Rousseau’s Concepts of Inequality - UK Essays.
With all this being said, Rousseau and Hobbes have different views on the state of nature but both see the state of Nature of a man as a phase before the formation of a political society. Hobbes sees the natural state of a man as miserable, and brutal because everyone is able to act the freely with the risk of others around them.
The state of nature, Rousseau argued, could only mean a primitive state preceding socialization; it is thus devoid of social traits such as pride, envy, or even fear of others. The state of nature, for Rousseau, is a morally neutral and peaceful condition in which (mainly) solitary individuals act according to their basic urges (for instance, hunger) as well as their natural desire for self.
To begin, the state of nature is a hypothetical state whereby individuals are in contact with one another where there is no authority present to enforce rules, laws or regulations. In regards to the state of nature, both Hobbes and Rousseau are in agreement: the state of nature existed prior to the creation of a state.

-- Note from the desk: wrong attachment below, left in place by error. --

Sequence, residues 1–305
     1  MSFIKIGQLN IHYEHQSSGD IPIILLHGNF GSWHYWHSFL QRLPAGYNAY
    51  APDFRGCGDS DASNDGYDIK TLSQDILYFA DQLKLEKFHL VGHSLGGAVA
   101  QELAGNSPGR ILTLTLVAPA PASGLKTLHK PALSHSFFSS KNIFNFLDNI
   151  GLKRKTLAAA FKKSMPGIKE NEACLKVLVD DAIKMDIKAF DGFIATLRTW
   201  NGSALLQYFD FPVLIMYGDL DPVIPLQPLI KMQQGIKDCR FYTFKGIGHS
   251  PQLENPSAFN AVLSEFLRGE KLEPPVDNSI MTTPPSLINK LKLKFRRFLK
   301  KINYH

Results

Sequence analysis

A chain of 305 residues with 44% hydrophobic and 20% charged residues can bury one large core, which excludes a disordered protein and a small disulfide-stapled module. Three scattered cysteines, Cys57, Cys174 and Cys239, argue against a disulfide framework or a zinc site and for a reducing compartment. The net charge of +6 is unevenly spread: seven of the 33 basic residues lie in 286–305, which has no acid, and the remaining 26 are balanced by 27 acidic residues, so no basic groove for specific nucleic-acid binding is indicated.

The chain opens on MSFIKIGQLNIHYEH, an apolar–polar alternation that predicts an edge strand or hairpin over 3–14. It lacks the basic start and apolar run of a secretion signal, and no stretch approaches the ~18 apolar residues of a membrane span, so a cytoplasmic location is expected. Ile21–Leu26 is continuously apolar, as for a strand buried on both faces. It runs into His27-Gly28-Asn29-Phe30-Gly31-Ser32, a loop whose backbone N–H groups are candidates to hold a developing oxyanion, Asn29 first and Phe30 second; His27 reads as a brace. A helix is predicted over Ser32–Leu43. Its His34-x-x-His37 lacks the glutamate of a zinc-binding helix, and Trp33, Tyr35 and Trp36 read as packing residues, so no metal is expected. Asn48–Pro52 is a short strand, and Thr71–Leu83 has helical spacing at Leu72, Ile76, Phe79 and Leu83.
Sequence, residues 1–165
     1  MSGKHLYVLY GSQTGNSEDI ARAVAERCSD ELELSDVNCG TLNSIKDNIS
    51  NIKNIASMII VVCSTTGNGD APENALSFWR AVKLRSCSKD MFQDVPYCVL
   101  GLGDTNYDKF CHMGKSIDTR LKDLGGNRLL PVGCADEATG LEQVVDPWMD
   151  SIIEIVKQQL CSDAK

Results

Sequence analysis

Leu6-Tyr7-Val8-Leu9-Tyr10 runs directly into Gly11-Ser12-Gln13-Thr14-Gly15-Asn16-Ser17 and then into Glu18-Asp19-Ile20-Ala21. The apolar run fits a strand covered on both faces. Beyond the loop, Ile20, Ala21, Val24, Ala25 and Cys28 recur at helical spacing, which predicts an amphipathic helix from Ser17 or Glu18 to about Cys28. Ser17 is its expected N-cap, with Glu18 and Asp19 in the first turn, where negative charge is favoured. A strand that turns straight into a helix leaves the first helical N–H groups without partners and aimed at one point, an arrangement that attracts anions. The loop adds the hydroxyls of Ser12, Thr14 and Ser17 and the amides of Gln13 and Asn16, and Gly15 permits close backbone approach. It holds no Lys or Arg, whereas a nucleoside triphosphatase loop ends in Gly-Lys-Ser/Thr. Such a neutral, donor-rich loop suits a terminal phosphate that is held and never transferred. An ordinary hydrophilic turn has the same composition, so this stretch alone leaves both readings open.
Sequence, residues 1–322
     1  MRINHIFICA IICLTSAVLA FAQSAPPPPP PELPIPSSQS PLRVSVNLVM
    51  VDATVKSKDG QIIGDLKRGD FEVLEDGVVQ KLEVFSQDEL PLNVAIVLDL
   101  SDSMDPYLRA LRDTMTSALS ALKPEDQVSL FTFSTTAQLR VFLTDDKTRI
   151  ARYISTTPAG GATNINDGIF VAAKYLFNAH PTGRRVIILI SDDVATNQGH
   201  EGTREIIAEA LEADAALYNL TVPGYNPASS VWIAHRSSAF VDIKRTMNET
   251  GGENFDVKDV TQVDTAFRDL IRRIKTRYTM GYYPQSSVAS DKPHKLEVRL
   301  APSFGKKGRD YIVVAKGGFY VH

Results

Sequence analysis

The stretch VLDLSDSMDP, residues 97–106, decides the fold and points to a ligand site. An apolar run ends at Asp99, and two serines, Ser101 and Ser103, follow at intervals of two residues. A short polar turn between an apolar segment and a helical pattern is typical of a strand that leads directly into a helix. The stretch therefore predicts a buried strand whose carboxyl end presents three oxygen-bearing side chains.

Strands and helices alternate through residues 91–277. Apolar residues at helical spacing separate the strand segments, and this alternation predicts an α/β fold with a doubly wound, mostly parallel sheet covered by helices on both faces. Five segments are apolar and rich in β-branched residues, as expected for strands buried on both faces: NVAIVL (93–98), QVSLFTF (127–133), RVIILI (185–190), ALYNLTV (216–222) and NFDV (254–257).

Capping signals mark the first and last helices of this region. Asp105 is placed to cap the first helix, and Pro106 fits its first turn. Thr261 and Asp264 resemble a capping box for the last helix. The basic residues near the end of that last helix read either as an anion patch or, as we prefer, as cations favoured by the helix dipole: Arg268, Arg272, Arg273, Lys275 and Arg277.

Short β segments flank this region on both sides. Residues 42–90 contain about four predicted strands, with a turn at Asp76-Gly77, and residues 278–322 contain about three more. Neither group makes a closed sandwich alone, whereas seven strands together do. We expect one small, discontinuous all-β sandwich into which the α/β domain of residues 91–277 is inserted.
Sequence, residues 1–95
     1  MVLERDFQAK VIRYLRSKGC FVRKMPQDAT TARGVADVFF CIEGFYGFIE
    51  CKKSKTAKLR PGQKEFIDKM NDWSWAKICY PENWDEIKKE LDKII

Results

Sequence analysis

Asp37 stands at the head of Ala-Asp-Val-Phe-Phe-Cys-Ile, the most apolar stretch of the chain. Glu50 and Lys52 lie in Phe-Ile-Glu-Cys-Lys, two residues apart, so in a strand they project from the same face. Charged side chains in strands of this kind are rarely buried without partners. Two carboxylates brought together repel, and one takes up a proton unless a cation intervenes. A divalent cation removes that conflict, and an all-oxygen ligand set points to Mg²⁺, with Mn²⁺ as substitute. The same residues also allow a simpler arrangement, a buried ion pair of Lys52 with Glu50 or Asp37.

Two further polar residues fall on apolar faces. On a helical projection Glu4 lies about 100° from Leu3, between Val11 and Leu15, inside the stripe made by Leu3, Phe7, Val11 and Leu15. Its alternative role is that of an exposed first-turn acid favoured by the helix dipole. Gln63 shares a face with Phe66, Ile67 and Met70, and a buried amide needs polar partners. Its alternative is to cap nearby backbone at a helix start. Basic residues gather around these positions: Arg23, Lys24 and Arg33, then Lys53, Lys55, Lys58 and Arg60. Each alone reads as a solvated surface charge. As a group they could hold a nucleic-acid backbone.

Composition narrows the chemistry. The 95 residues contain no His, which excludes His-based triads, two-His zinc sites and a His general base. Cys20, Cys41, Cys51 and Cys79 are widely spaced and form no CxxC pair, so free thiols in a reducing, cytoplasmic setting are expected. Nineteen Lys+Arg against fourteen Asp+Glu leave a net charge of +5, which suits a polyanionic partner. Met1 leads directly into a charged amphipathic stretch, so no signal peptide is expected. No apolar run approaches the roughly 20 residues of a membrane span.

In this regard, Rousseau’s view of the state of nature was completely different from Thomas Hobbes’s conception. While Rousseau regards it as an essentially positive force, Hobbes viewed it as a state of war and slavery. This reflects the two philosopher’s views on human nature, which Rousseau viewed it as good and Hobbes as cruel and brutal.
Essay John Locke And Rousseau 's Views On Human Nature The opinions of philosophers with respect to human nature have evolved for centuries. Their studies on the subject have helped establish conventional standards believed to help citizens create a balanced social and personal lifestyle.
Jean-Jacques Rousseau (1712-1778) is the philosopher of the French revolution; he criticizes Hobbes for assuming that the human in the “state of nature. .. has no idea of goodness; he must be naturally wicked; that he is vicious because he does not know virtue.”Rousseau assumes the opposite: in the natural state, humans have “uncorrupted morals“; not in the sense of a developed.
Published in 1836, Nature is an essay written by American lecturer and poet Ralph Waldo Emerson that lays down the foundation for transcendentalism. Transcendentalism is a now popular belief system that supports a non-traditional appreciation of the importance of nature, suggesting that God can be found in nature as well as a true understanding of life and reality.